Every year around this time as I walk around the neighborhood with my dogs or pass by homes on my morning runs, I see the insane amount of people who throw away potted plants. In the summer, when the weather is hot and toasty, people calmer to buy all the beautiful plants at the nursery. In the spring, baskets of flowers are popular. In the middle of the summer, people buy tropical palms and glorious ferns to hang around their backyard patios. Now, during the fall, its chrysanthemums are all the rage. Pumpkins start to appear on front porches, too.
I love seeing all this plant life around town. And I’m just as susceptible to plant sales and attractive displays of greenery. This summer, I brought a gorgeous banana plant home and found it a home on my back deck among a pretty display of string lights. With a single plant, I created a tropical atmosphere and made the space the perfect place to relax, unwind, and entertain.
Almost as soon as September rolled around, though, the nighttime temperatures dipped considerably. Afraid that my plants (I also bought two pink-stemmed plants to adorn my patio table) would succumb to the cold, I promptly brought them inside.
I urge all plant lovers and frugal gardeners to do the same! Those beautiful heat-loving tropicals can’t hack frosty temps, and while some are more tender than others, it’s better to be safe than sorry. Bring in your potted plants and enjoy their blooms and foliage for an extended period of time.
I placed my banana tree in my living room, and it’s my new favorite place to hang out. I feel like I’m in a cozy indoor oasis. Don’t leave your plants out to die! Don’t let them wither away! What a waste of money! Take care of your precious plants by sheltering them from the cold, and you’ll be rewarded with a continued display of beauty. If you manage to adequately care for your plants during the winter, you’ll be able to set them out again once the weather warms. You’ll escape the need to spend money next spring.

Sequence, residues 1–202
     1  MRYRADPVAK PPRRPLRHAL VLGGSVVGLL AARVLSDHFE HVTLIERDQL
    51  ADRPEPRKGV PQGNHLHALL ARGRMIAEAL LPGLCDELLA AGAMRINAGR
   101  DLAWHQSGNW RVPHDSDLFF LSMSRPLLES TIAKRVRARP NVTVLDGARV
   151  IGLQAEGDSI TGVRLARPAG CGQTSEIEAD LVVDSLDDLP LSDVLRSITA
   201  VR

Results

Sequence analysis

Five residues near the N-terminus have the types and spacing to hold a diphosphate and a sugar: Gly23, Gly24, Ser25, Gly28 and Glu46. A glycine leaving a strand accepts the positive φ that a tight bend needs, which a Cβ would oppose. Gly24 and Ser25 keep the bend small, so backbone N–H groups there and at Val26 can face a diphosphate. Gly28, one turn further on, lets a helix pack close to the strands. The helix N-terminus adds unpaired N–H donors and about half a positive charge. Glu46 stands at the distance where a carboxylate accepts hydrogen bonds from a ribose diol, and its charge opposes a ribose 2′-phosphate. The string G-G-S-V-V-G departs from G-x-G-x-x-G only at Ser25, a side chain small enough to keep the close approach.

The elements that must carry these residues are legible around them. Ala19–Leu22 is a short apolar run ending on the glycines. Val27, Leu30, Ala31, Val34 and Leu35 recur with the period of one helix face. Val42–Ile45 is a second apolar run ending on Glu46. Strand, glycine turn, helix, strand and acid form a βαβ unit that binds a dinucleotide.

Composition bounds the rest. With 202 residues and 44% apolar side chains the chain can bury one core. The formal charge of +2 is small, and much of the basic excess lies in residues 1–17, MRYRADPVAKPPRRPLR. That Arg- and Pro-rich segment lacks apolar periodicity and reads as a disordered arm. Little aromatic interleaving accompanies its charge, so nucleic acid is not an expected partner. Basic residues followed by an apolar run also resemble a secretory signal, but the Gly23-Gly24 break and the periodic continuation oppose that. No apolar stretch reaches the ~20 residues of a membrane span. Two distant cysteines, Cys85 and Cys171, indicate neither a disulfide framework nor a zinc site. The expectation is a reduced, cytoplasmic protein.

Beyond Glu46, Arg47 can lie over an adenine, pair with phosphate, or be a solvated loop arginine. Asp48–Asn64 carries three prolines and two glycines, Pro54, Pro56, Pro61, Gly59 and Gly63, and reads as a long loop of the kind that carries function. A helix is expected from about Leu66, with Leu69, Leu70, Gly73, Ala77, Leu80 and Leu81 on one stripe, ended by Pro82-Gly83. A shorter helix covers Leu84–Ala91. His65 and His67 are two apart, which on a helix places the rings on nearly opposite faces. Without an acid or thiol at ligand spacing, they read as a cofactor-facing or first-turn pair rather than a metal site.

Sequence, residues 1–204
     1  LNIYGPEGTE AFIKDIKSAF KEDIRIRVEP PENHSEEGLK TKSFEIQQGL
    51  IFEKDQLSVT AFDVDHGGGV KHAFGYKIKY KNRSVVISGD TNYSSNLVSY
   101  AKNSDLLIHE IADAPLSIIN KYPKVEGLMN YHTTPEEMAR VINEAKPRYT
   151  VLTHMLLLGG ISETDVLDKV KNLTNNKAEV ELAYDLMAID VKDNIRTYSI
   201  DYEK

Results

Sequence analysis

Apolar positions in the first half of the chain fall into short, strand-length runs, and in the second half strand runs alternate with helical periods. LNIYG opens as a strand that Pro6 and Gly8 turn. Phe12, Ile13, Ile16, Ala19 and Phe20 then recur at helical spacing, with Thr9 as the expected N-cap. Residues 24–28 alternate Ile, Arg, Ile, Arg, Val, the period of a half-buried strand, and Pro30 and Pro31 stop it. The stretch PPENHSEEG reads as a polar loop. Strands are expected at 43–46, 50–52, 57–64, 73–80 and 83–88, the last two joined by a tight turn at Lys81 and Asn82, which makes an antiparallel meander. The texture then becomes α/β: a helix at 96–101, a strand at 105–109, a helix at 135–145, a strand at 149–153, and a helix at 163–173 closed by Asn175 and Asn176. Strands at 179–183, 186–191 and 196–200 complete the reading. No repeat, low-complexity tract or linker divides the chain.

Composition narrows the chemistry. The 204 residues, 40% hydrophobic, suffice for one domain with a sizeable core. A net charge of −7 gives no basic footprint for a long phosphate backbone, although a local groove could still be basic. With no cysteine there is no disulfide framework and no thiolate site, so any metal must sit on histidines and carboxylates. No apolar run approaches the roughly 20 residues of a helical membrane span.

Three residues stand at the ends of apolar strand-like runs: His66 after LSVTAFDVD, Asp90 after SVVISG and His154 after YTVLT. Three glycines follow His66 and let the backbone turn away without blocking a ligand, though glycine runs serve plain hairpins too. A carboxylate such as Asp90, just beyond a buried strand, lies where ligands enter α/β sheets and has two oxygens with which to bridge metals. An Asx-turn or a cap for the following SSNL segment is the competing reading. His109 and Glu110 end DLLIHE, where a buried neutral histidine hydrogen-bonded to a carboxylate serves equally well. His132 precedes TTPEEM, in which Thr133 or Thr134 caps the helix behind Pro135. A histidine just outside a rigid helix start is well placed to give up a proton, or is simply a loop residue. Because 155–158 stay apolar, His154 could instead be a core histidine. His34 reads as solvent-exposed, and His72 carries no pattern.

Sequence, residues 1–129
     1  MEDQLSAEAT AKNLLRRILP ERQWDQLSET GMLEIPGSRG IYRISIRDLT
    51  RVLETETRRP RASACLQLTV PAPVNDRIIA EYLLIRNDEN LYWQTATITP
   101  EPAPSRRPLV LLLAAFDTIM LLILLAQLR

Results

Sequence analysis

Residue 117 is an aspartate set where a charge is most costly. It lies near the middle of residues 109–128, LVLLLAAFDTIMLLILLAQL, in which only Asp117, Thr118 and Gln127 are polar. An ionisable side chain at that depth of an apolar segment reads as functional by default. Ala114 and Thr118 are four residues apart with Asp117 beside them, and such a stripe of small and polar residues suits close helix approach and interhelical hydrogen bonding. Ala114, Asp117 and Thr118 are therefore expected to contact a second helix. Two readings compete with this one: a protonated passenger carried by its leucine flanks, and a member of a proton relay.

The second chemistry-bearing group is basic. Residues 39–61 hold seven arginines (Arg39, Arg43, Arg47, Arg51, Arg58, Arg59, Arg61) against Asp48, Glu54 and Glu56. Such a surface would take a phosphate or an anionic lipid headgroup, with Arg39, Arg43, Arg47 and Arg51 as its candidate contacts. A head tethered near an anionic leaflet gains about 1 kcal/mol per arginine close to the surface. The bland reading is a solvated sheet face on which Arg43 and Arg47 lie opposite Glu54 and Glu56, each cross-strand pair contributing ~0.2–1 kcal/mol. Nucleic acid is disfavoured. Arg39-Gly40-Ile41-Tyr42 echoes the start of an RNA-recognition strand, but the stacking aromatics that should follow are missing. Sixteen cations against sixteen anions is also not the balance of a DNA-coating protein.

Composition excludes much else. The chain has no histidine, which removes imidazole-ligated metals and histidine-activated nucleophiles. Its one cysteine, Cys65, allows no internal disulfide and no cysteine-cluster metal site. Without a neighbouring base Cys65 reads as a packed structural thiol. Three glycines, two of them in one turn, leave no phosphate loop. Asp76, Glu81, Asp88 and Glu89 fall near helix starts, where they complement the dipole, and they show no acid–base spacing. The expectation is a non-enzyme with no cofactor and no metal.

Many potted plants don’t need as much attention in the winter anyhow, so bringing them in won’t leave you with extra work on your hands. Watering needs typically diminish during the cold months. Tropical plants, however, may require higher levels of humidity than are possible in your winter home. Place a humidifier nearby or spritz your plants with a spray bottle every so often. The spring is the best time to re-home your plant into a slightly larger vessel.
Don’t have any tropical plants or potted flowers to bring inside? If you have a potted vegetable plant, it may be a good idea to bring that in, as well. Shelter potted peppers indoors and you’ll have an extended harvest. Give them plenty of warmth and sunlight, and you’ll be able to pick peppers throughout the off-season.
Do you bring your potted plants indoors? Have you been able to keep a plant alive for more than a season this way? Share your story in the comments!
Steph Coelho is a freelance writer gardening in zone 5b. She is a certified Square Foot Gardener and has taught various garden-related workshops. When she’s not digging in the dirt or writing, she’s cooking up fresh produce, running, or listening to her favorite podcasts.
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